Paceman opens another niche for Mini. But it’s also a signpost to the brand’s future.
NOT A DAMP FIZZ AFTER ALL
Whether the Mini purists who lament the gigantism of the modern models are also potential customers who need to be pleased is a moot point.
Even so, it stands to reason that BMW’s exploration of new, larger segments for Mini would be more acceptable to more people if it also produced a properly small city car. A mini car, if you will.
It did just that in 2011, with a concept called Rocketman. The car is larger than the classic Mini but still just over three metres long (so a full metre shorter than the Paceman), made of high-tech lightweight materials and offers a three-plus-one cabin.
Rocketman was a showstopper but by January 2012 BMW had decided to go no further with the project, citing difficulties in meeting handling expectations and safety regulations from the radically reduced platform.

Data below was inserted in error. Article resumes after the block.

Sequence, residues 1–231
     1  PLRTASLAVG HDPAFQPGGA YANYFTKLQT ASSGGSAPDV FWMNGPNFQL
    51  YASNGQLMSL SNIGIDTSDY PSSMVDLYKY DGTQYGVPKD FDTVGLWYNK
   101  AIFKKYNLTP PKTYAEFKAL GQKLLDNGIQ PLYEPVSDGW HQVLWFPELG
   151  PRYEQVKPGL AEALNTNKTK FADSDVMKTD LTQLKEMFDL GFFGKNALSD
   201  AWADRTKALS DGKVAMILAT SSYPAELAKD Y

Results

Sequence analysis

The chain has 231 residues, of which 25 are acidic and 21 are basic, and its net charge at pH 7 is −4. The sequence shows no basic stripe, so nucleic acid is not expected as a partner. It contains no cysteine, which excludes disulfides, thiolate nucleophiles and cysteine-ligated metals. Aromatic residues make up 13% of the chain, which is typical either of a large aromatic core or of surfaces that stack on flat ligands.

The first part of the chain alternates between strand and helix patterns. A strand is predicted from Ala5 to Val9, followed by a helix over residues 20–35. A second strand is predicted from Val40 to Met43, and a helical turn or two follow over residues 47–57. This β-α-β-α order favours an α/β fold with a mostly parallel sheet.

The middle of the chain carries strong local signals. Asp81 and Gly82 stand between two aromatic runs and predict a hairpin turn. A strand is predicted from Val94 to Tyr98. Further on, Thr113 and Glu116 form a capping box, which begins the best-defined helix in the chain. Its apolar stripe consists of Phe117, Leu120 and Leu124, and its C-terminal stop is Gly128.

Or not. Rocketman suddenly reappeared in second-generation form as part of BMW Group’s sponsorship of the Olympic Games in London last year.
The maker stated that Rocketman “approaches classic Mini territory in terms of dimensions, while advanced technology underpins a lifestyle-focused mobility solution”.
Surely the company wouldn’t wheel Rocketman out again if the project was a non-starter? With the UKL1 platform underpinning the next-generation Mini from 2014 and engineered for greater flexibility in size, Rocketman could join the range as a production car within the next five years.